The key to the success we have had with our consultants is that we went into the relationship open minded and prepared to change. There are bound to be internal preconceptions about external consultants from the workforce whose ways of working are likely to be affected. Companies need to try and engage this workforce early on, to create positivity and motivation about change. To support this internal effort it has been very important that Suiko is fundamentally behaviour-focussed – working with employees at all levels to introduce improvement through individuals rather than through impersonal tools and systems.”

Seeking total independence

These testimonies form a positive case for getting external help in either focussed projects or enterprise-wide initiatives. However, although Jon Armstrong has stated that effective consultancy lowers the risk of implementing an improvement project, external consultancy clearly represents a significant cost, and indeed a risk in itself.

Avoiding this risk – incompatibility of styles and poor return on investment – is among the many reasons why some companies have chosen to avoid using consultants and focus harder on developing in-house lean talent through training. Kent-based brewers Shepherd Neame, who recently won an IQPC Process Excellence Award for their inventory reduction project, feel strongly that this approach is better for sustained improvement over time.

Tom Falcon, production and distribution director at Shepherd Neame, says: “We often look to recruit people with new skills to develop existing functions. We have trained employees to do what, in many cases, a consultant would have been commissioned to do because we wanted to build on those skills internally and not lose them once projects are completed.” Falcon is himself an example of Shepherd Neame’s approach to building independent capability. A six sigma black belt with experience in process transformation for logistics, he stepped into a job with Shephard Neame that had traditionally been held by a brewer. “The board recognised the opportunity for a change in focus from product quality and consistency, which is, fundamental, to tackling supply chain and efficiency challenges. Shepherd Neame was not specifically looking to avoid external consultancy. However because of the skills and experience I could bring to the company, this need was mitigated, particularly in the early stages of the programme.” In general, even those companies who have used external consultancy effectively are working towards a dream of independence. British engineering group GKN, for example, has taken pains to develop an internal strategy for a very organic culture of continuous improvement that is enterprise-wide.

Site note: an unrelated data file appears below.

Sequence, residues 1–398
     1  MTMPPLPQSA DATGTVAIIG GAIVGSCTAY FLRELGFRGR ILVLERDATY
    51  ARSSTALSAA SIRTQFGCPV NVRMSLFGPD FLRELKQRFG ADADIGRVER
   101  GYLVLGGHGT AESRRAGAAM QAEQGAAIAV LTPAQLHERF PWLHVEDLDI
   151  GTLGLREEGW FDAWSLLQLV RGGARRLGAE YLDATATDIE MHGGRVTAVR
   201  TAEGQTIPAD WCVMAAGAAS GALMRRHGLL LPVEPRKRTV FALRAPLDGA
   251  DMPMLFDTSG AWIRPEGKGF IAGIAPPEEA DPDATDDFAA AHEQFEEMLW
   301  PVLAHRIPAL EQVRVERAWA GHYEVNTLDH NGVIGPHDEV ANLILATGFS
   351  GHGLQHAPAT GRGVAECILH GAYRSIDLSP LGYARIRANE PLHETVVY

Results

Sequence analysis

Peter Watkins, global lean enterprise and business excellence director at GKN describes the lean structure they have achieved. “The enterprise-wide initiative now provides hundreds of site continuous improvement leaders, executive leaders, plant leaders and value stream leaders and we are launching a business process excellence development program for over 1,000 functional site level leaders. Eight global continuous improvement leaders have supported and developed the training centrally so that it is tailored to the organisation.

The implementation is supported by six divisional lean directors and seven regional continuous improvement leaders.

We could not have achieved this without external help but we do not want to rely on them for progress. The key thing at every stage has been to find consultants who really teach – not just run kaizen events – this can be very hard!” Some lean experts, however, believe that the goal of independence from external help is unachievable. Jon Miller of Gemba Research for instance blogged on TM’s website on June 3 that consultant-free lean was one of the hallmarks of ‘fake lean’. “While I encourage clients to envisage the day when they are self-sufficient in lean, I will never guarantee that they can continue to sustain, grow and overcome new hurdles without additional outside help. Whenever a client says, “In a few years when we no longer need consultants…” it’s time to remind them that the moment when they no longer see the need for the teacher is when that need may be the greatest.”